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Discussion Starter #1
Hey all, I'm working on putting my engine back together and I'm wondering how I can find the correct spot for timing on the crankshaft. Manual says the mark is right behind the cap on the cover but I cant get my cap off for the life of me. Are there not any timing marks on the inside? Any thoughts on how to get my timing cap off the cover? I've tried hammering, screw driver, pliers, nothing is working.
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I tried to get mine off too, NO GO, and didn't want to ruin it.
Maybe get another one and rip it out?
It IS supposed to just unscrew !
Since you can't change the ignition timing it isn't a major thing to check when running again.
If it is the cam chain timing, get the cylinder up to TDC and set the gear according to the manual..
 

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Discussion Starter #3
I tried to get mine off too, NO GO, and didn't want to ruin it.
Maybe get another one and rip it out?
It IS supposed to just unscrew !
Since you can't change the ignition timing it isn't a major thing to check when running again.
If it is the cam chain timing, get the cylinder up to TDC and set the gear according to the manual..
Yeah I'm putting the cam shafts back in. I will try doing TDC just seems like it would be easy to be off a tooth that way
 

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A heat gun sounds like a good approach to use expansion of the outer case to free things up.

It is probably aluminum oxide build up on the threads, that stuff is super hard and takes up space.
Penetrating oil won't touch it, but household ammonia will dissolve it, if you can get it in the crack and let it sit for a while.
The drawback to this approach is that is will tend to darken the surrounding aluminum and the awful ammonia smell, which will upset cats, who will then attempt to bury your bike and/or scent mark it.
I have used the method on other stuck aluminum parts and it worked, but I have not tried it on this specific problem myself.

I have also heard that ethylene glycol brake fluid or antifreeze can breakdown the oxide, but I have not tried it, but it might be worth a shot as it is nicer smelling than ammonia.

If you get it out, clean it and grease the hell out of it, before reinstalling.

Later VT750 bikes have a similar plug with a large Allen wrench hole rather than a slot, I don't know if they are threaded the same, but it might be something to check out.
 

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Discussion Starter #6
I tried heating it up and no luck. I ended up just beating the **** out of it with a hammer and chisel. It turned out, it's still functional but not pretty lol.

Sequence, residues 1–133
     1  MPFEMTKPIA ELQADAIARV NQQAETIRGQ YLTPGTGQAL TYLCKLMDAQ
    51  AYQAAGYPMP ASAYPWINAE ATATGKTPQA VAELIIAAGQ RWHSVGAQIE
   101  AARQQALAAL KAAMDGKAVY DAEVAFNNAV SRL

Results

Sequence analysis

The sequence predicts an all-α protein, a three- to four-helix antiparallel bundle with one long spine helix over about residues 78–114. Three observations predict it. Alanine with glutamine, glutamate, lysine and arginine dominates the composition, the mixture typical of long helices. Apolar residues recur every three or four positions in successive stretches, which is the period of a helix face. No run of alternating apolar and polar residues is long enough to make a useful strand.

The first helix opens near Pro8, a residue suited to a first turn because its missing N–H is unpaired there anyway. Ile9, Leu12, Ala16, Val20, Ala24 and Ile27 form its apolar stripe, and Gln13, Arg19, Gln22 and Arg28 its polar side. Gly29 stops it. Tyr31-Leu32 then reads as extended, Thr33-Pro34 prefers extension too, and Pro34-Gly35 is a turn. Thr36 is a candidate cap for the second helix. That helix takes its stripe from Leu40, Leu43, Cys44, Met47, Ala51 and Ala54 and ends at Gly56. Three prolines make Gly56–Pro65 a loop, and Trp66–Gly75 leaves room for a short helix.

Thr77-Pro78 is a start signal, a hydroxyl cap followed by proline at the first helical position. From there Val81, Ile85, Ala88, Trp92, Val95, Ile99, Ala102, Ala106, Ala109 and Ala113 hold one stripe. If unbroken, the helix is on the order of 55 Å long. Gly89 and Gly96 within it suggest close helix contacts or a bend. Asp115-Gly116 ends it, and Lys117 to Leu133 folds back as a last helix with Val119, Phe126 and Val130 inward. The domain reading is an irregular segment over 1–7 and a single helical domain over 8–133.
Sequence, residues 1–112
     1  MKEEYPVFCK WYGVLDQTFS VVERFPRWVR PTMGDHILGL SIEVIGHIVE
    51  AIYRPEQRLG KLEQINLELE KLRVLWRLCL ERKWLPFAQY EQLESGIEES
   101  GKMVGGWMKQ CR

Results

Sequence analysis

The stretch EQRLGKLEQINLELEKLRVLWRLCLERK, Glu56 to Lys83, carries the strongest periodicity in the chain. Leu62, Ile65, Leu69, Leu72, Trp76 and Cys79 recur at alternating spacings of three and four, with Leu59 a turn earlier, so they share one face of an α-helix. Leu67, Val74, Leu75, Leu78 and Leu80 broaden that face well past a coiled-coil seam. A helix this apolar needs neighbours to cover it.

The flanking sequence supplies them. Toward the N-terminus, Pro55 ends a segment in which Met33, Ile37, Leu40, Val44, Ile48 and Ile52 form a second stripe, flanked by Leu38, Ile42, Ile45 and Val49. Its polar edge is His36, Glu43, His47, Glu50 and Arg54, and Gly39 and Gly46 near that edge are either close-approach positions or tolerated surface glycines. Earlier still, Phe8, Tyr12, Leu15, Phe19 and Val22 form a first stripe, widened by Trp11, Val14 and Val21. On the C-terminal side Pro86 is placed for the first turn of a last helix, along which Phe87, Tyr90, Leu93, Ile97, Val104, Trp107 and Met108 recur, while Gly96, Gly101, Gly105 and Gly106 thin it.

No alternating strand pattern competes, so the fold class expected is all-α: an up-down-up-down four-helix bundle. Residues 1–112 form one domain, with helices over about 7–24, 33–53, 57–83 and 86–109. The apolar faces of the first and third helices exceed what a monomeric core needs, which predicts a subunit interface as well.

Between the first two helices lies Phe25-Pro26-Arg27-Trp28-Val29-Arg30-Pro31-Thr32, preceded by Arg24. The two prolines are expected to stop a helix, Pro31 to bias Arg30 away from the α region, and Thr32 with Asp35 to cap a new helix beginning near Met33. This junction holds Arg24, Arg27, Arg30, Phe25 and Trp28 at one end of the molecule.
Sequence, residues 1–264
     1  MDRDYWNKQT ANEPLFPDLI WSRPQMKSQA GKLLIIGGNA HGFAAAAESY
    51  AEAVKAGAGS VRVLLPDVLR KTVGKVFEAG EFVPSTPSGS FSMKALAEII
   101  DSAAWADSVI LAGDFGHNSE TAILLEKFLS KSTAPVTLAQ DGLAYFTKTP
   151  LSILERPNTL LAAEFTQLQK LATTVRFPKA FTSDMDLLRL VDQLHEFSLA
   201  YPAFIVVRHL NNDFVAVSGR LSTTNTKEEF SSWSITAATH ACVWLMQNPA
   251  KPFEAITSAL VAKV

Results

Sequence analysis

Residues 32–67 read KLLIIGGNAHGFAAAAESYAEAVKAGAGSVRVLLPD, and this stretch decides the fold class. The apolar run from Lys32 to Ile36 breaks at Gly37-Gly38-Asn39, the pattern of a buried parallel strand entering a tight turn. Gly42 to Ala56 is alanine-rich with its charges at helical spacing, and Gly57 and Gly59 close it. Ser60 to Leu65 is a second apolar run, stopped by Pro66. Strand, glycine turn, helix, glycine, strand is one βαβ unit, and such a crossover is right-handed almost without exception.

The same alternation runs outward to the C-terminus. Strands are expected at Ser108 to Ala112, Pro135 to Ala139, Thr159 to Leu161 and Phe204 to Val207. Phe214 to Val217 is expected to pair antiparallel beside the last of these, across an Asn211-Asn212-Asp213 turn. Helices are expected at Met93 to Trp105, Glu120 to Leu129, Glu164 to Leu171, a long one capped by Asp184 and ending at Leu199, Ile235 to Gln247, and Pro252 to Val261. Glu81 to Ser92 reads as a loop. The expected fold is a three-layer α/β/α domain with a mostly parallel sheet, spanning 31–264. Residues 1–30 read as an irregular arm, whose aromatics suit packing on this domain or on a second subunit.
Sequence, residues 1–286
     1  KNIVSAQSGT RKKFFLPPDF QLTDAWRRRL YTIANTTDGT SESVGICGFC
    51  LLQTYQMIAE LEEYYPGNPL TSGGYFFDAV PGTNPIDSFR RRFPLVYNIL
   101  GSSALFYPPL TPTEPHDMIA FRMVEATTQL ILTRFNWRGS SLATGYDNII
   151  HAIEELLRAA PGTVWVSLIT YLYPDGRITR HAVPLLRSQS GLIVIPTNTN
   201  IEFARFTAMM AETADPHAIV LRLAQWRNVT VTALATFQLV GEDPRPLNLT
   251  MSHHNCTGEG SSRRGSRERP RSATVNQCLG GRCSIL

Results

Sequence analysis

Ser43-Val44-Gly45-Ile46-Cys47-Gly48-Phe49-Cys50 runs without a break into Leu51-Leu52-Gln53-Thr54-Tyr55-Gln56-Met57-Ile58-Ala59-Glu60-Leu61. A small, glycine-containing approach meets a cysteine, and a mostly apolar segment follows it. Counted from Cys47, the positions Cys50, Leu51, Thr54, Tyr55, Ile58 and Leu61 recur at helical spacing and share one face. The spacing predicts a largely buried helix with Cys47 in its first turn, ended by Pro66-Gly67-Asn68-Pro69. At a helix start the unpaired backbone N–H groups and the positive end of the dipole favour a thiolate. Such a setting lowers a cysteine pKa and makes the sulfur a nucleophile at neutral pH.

In y'alls opinion, does it look like I have the rear cylinder a tooth off?
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here's the front for comparison
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Roll the crank back to the correct position and see what the cam position looks like then.
The crank is always right, the cam position is relative to it.
A whole tooth is quite a chunk to be out, so at the cam it should be obvious if it is so.
The cam timing tends to get a little retarded over time as the cam chain wears and that might be a slight contributing factor.
 

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Discussion Starter #8
Roll the crank back to the correct position and see what the cam position looks like then.
The crank is always right, the cam position is relative to it.
A whole tooth is quite a chunk to be out, so at the cam it should be obvious if it is so.
The cam timing tends to get a little retarded over time as the cam chain wears and that might be a slight contributing factor.
Ok I did that. Not a professional but I think it's off just one tooth. But I dont know.
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Discussion Starter #10
Well I moved it a tooth and it was even more off in the other direction so I put it back since it seemed way closer. Must be play from somewhere. I ordered a gasket kit, but for some reason it didnt come with the gaskets for the split heads. The gasket that goes between the valve springs/ cam side and the rocker arm half. Seems like I will have to use some sort of RTV? It's almost like there was no gasket there to begin with.
 

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Glad you eliminated the possibility of a cam timing error.
These earlier 750 engines are not really my thing, but I can't see there being any sealant or gasket in there as the two halves form the bearings for the camshaft to run in, has to be metal and on metal.
 

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Discussion Starter #12
Glad you eliminated the possibility of a cam timing error.
These earlier 750 engines are not really my thing, but I can't see there being any sealant or gasket in there as the two halves form the bearings for the camshaft to run in, has to be metal and on metal.
I did some more digging in the book and it says to use a liquid gasket.
 

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I did some more digging in the book and it says to use a liquid gasket.
Be careful not to use too much then, just a thin layer as most of it will squeeze out and you don't need it getting into places it shouldn't.
I've seen freshly built engines quickly die from people using silicone RTV like toothpaste.
 
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